Teachers Council changes another bucket of muck being dumped on us


This is the big one and our organisations have given it away.  Here we have Hekia confined to her office and government policies under the gun, there has been the success over PaCT, and now, unbelievably, this capitulation; this failure of analysis and nerve – this acquiescence to another bureaucratic layer to smother schools with a bureaucrat’s idea of how classrooms should function and politician’s idea of how to screw schools to continue to underfund them and advance privatisation. And here we have the teacher organisations seemingly tying themselves in knots with rationalisations.

All that needs to be done is one of the organisations to say ‘NO’. To say to Peter Hughes: We accept that you have the power to place that bureaucratic layer on classrooms, but we can’t be forced to be part of an agency that is undemocratic, unrepresentative, and designed to put schools in a one-policy-fits-all straitjacket. We might comply but we won’t be complicit.

 When Tomorrow’s Schools came in there were two key ways public schools were undermined: teachers being excluded from participating collaboratively in policy formation on the basis that their inclusion would lead to professional capture; and the sinister, unaccountable actions of the education review office.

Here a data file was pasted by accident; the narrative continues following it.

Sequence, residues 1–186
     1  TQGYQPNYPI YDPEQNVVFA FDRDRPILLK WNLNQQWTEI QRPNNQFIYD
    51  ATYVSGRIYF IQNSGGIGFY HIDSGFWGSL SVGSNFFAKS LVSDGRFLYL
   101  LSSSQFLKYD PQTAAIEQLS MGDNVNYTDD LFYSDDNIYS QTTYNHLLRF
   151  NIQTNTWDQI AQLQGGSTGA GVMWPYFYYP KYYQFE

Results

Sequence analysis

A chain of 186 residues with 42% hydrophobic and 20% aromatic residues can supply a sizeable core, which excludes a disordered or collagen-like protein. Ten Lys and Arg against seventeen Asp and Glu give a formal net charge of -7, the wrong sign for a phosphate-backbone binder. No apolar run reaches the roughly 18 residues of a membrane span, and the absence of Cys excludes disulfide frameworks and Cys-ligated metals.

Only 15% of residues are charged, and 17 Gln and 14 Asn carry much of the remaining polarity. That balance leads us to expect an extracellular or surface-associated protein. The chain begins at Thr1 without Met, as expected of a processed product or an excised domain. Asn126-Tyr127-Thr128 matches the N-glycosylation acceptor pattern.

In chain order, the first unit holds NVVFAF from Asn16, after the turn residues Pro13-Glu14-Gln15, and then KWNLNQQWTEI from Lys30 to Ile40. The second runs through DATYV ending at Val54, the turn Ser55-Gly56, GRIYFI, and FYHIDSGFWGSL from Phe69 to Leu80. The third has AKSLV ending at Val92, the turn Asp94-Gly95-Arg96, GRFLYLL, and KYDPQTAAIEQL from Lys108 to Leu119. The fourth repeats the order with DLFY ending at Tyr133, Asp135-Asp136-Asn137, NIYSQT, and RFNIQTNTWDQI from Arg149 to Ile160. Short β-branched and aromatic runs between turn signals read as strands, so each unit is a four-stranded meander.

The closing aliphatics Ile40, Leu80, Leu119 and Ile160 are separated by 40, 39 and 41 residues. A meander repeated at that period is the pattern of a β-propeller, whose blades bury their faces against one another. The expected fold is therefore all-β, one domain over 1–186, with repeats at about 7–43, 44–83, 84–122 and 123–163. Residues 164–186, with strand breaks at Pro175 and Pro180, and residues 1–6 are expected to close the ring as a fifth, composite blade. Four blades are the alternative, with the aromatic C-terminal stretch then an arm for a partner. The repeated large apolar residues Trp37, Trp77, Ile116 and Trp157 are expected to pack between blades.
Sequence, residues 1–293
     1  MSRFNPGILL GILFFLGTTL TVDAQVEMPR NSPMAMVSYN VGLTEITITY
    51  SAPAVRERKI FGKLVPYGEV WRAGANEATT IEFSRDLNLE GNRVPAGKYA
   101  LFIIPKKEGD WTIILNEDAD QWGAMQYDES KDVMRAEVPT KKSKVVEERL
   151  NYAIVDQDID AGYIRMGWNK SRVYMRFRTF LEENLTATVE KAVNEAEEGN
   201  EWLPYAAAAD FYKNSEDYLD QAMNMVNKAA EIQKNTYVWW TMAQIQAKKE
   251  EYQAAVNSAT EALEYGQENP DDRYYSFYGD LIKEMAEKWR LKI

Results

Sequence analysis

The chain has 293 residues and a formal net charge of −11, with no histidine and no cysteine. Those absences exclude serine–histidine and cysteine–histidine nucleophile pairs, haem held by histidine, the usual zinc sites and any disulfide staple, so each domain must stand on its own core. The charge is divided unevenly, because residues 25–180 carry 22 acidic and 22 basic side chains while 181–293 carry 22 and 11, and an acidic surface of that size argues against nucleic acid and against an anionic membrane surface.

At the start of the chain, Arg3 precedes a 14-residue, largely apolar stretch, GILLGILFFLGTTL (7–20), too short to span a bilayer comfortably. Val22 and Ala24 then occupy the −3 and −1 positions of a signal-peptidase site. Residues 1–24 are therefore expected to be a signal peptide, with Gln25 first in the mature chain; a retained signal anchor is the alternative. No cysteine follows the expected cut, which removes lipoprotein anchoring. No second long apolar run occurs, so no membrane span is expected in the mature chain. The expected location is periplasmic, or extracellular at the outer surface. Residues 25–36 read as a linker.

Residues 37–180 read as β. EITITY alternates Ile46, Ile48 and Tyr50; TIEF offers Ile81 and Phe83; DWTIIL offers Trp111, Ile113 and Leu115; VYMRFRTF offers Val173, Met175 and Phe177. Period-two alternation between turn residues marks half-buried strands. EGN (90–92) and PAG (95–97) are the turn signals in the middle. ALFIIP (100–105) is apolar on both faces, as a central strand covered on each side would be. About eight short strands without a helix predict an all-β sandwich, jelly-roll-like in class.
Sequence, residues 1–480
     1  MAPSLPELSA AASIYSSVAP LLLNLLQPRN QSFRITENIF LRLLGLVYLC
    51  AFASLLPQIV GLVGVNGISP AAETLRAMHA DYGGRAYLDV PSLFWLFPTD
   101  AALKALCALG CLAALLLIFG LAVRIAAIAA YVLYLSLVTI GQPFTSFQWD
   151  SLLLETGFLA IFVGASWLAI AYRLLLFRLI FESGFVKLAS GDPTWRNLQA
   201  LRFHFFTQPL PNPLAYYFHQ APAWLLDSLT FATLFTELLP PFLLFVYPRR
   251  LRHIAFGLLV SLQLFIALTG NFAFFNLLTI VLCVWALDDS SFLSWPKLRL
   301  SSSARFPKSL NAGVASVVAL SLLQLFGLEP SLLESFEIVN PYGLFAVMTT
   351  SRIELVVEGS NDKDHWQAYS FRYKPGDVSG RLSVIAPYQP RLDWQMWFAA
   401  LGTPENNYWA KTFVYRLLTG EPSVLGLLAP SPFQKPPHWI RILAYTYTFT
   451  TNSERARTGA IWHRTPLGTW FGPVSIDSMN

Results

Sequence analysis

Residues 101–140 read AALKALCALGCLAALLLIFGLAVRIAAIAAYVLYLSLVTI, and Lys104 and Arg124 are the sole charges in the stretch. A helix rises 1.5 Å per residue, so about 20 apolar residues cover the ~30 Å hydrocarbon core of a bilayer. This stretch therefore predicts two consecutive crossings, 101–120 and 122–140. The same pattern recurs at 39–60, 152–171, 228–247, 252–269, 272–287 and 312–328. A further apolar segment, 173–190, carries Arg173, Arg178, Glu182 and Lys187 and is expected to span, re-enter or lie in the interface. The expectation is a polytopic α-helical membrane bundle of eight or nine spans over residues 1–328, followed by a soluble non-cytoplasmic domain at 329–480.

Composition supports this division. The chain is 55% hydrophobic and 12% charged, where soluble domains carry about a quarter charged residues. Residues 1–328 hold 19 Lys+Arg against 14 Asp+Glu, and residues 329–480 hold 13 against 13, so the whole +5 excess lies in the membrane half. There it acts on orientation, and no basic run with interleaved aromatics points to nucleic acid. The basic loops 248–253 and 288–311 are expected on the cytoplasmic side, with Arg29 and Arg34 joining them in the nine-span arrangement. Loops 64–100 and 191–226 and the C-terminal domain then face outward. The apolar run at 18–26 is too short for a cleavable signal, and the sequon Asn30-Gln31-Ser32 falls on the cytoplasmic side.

But I don’t really don’t want to go over all that again.

What astounds me is that the teacher organisations welcomed as insightful the recent information gained under the OIA (by the Greens I think)that Treasury had recommended using soft ways to introduce hard right policies – and here is machiavellian gold standard of that deviousness – and nothing from the teacher organisations.

There are thousands of other teachers and principals who want the holistic to be available as a legitimate choice in schools and feel betrayed and ferociously angry that it isn’t.

We are besmirched by the corrupted language of Parata and now Hughes, issuing from a corrupted system.